Living with spinal cord damage after cross-border personal injury

British Columbia residents who cross the southern border will always be at risk of being involved in auto accidents. Some cross-border personal injury victims have to endure many difficulties if they suffered catastrophic injuries. For example, anyone whose injuries include damage to the spinal cord could be left with some level of paralysis.

Severed or crushed spinal cords are life-changing injuries, and after extended hospitalization, there are usually long rehabilitation periods. Spinal cord damage in the neck area can cause quadriplegia, and damage lower down the spinal cord typically causes paraplegia. The outcome also depends on whether it is a complete or incomplete injury.

The goal of rehabilitation is to prepare the patient for living with the condition and make them as self-sufficient as possible. Exercising will maintain flexibility and strength in muscles, and a special diet is necessary to maintain health and manage weight. Patients might have bowel and bladder problems along with other things that usually come naturally. Using a wheelchair and other medical equipment must be practised to ensure mobility and the best possible lifestyle.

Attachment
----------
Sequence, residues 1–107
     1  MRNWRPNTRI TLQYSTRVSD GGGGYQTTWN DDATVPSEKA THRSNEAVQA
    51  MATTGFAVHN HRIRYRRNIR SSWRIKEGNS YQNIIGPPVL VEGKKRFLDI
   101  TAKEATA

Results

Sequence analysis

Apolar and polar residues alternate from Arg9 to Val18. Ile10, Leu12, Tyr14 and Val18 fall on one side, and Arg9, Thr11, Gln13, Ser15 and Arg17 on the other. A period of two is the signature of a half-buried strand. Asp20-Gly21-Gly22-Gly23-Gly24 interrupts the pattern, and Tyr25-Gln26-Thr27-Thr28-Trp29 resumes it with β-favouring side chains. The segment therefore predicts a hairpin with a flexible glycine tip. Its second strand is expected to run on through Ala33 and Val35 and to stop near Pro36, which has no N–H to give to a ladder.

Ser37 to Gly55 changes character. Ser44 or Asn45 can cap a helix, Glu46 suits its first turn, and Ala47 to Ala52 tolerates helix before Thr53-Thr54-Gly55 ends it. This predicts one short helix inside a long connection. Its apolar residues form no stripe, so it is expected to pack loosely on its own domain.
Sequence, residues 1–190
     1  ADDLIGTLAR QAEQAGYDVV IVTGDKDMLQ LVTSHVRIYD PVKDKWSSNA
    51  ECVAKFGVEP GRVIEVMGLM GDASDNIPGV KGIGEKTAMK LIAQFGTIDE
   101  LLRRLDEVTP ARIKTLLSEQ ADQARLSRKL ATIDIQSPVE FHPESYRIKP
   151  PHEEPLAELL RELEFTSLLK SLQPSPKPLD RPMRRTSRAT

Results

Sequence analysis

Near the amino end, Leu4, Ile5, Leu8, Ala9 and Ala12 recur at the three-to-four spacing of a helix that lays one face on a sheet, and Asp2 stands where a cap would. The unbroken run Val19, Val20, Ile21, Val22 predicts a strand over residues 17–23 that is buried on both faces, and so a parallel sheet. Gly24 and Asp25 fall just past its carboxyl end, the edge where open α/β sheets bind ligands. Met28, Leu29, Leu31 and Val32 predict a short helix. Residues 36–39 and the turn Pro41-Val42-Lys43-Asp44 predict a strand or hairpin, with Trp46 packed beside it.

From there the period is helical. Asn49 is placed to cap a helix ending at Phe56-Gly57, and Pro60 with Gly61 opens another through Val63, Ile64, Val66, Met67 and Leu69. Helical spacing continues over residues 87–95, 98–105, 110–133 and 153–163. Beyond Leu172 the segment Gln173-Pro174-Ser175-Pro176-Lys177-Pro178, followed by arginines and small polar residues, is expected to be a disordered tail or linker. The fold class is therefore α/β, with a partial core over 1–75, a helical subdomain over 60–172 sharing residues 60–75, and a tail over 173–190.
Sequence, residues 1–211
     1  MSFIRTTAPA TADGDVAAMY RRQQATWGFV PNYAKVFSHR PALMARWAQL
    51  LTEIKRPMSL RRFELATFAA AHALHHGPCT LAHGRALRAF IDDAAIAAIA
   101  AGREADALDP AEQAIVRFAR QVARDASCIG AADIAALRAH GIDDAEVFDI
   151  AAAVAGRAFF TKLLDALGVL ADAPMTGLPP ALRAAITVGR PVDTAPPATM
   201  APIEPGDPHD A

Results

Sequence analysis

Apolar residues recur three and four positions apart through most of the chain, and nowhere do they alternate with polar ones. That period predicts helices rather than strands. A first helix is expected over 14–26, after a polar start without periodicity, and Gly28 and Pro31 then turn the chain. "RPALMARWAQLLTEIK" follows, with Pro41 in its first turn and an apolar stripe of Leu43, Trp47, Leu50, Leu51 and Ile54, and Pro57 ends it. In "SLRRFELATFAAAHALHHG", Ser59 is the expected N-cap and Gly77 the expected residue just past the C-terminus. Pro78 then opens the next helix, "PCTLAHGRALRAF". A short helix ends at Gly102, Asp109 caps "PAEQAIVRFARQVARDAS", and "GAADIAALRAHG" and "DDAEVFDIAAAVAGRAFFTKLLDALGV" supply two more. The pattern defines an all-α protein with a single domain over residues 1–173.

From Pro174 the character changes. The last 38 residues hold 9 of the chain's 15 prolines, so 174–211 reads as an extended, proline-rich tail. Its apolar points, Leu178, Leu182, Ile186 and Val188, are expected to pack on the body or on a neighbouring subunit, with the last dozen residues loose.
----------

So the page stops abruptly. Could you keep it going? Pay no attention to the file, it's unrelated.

Furthermore, medical monitoring will continue over time, including bladder tests, spinal X-rays, MRIs, CT scans and tests to monitor bone density. Anxiety over the financial consequences could be overwhelming. For this reason, it is sensible to retain an experienced cross-border personal injury attorney to pursue financial relief through the civil justice system of both British Columbia and the United States. Legal counsel can also deal with the insurance providers on both sides of the border and ensure that current and future damages are recovered.

No Comments

Leave a comment
Comment Information

Sometimes All It Takes Is A Short Consultation

Send Us An E-mail

Office Location:
Suite 408 - 837 West Hastings Street
Vancouver, BC V6C 3N6

Toll Free: 877-341-0315
Fax: 604-305-0338
Vancouver Law Office Map